Residents, leaders hopeful new YMCA will be catalyst for neighborhood
Residents of the Warren-Sherman neighborhood on Monday gathered in the multipurpose room of the Wayman D. Palmer YMCA to share their vision for what a new YMCA should look like in order to best serve the community.
The city of Toledo is partnering with the YMCA of Greater Toledo to demolish the existing YMCA and build a brand new complex that will include an indoor pool, gym, wellness center, food pantry, child-care classrooms, and outdoor recreation space. Those features are just a starting point, YMCA leadership said, developed based on results of a phone survey of about 800 residents.
On Monday about 45 participants walked from display to display, Post-it Notes in hand, to mark which features they like or don’t like and to suggest more.
“We really need to take hold of this,” Toledo City Councilman Vanice Williams told attendees. “This is our neighborhood. This is our park. This is our Y.”
Cheryl Tyler-Folsom, a trustee for life with the YMCA of Greater Toledo, said she has been involved with the organization and advocated for the Wayman Palmer location since the late 1980s.
Kids and families in the neighborhood for years have asked why their YMCA doesn’t have a pool or other amenities that other Toledo YMCAs have. The redevelopment plans are long overdue, she said.
“I’m excited and looking forward for what’s in store,” she said.
She’s hopeful the new YMCA will include a community kitchen, which could partner with community gardens and teach children and families the importance of healthy eating.
Friend Juanita Greene, with the Toledo Community Coalition, said she hopes the new facility will include meeting rooms that could be rented out to service providers, businesses, and other organizations which would pay a fee to use the space. She also wants to ensure memberships are affordable to families which live in the neighborhood.
Plans call for building the new YMCA along 14th Street but closer to Bancroft Street, so that it can be seen from the busier street. Inez Nash Park will move to where the existing building stands now, which officials said will keep the neighborhood and the YMCA connected. It also will allow the current building to stay in use while its replacement is built.
The new building will have about 50,500 square feet, about twice the current YMCA’s size.
It is to be completed in 2024.
Joe Peterson, director of Scott High School’s community hub, said he wants to see the YMCA help provide access to services and opportunities for Toledo’s youth and families to get involved in different programs. He said the Warren-Sherman neighborhood can sometimes be overlooked, and it’s time for an investment like this one.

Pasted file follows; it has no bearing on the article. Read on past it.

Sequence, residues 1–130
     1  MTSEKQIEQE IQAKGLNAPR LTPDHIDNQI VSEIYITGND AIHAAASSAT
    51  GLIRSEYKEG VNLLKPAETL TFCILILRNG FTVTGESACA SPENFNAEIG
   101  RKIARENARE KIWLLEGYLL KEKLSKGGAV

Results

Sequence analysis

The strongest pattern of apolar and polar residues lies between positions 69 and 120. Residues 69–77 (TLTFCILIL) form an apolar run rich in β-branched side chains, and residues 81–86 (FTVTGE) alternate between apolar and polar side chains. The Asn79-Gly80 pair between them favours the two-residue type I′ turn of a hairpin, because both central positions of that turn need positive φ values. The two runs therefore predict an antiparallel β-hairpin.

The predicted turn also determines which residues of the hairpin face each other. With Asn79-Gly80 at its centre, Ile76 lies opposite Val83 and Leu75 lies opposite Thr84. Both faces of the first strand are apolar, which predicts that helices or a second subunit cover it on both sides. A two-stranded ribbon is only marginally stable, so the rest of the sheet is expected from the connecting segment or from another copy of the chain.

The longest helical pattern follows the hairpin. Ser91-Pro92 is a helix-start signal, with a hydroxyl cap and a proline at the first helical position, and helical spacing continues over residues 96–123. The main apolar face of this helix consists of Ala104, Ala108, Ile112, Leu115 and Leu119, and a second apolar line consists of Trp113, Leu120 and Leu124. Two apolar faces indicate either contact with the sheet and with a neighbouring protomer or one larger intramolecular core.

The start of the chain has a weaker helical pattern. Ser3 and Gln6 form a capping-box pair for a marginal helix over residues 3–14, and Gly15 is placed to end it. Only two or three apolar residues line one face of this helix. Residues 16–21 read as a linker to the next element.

“This is about being better together. Opportunities like this show that we’re being inclusive for all communities,” he said.
Margaret Bannister, a 14-year resident of the neighborhood, said she wants to see more exercise, health, and wellness programs for seniors like herself, regardless of their ability.
She called the proposed rebuild “beautiful, and well-needed.”
City officials estimate the project will cost about $21 million, though that could change depending on how the final designs shake out. A public meeting will be at the existing YMCA on Sept. 27 at 6 p.m. to gather community thoughts on the plan for the new facility and park.
Rosalyn Clemens, the city’s Department of Neighborhoods director, said she anticipates funding will be a combination of public and private dollars. She is hopeful primary financing can come from a federal program that allows Community Development Block Grant Recipients to take out low-interest loans for economic development and infrastructure projects in the public interest.
Eric Williams, executive director of the Wayman Palmer YMCA, has worked with the YMCA organization for 25 years in three cities and said the planned redevelopment is “as good as it gets.”
He wants to see the new Inez Nash Park space developed with multi-use fields so he can offer a variety of outdoor sports and recreation for the youth who use the YMCA. Mr. Williams said the children, families, and seniors who use the facility will soon have access to a state-of-the-art building and equipment with high-quality programs and services.
“That’s huge, but the biggest thing to me is this could be the catalyst to transform the whole community,” he said. “This may spark other entities to say, ‘things are growing there, let’s get on board.’”
Posted By: The Toledo Blade on September 28, 2021. For more information, please click here to read the source article.
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